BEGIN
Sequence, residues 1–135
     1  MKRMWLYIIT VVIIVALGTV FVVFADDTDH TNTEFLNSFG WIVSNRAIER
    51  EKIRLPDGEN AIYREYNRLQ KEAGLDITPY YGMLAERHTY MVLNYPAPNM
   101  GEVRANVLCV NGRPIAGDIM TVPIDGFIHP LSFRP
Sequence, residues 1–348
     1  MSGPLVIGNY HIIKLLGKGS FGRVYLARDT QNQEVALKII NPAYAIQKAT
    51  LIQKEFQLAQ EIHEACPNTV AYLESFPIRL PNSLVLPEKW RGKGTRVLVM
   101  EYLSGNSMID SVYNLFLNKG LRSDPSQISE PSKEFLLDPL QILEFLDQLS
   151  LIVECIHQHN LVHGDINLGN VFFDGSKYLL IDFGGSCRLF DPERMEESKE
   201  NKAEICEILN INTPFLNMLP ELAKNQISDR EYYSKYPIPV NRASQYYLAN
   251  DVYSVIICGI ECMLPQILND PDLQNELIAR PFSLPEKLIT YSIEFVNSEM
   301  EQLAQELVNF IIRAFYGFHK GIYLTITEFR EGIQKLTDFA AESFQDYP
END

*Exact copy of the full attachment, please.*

Sequence, residues 1–135
     1  MKRMWLYIIT VVIIVALGTV FVVFADDTDH TNTEFLNSFG WIVSNRAIER
    51  EKIRLPDGEN AIYREYNRLQ KEAGLDITPY YGMLAERHTY MVLNYPAPNM
   101  GEVRANVLCV NGRPIAGDIM TVPIDGFIHP LSFRP
Sequence, residues 1–348
     1  MSGPLVIGNY HIIKLLGKGS FGRVYLARDT QNQEVALKII NPAYAIQKAT
    51  LIQKEFQLAQ EIHEACPNTV AYLESFPIRL PNSLVLPEKW RGKGTRVLVM
   101  EYLSGNSMID SVYNLFLNKG LRSDPSQISE PSKEFLLDPL QILEFLDQLS
   151  LIVECIHQHN LVHGDINLGN VFFDGSKYLL IDFGGSCRLF DPERMEESKE
   201  NKAEICEILN INTPFLNMLP ELAKNQISDR EYYSKYPIPV NRASQYYLAN
   251  DVYSVIICGI ECMLPQILND PDLQNELIAR PFSLPEKLIT YSIEFVNSEM
   301  EQLAQELVNF IIRAFYGFHK GIYLTITEFR EGIQKLTDFA AESFQDYP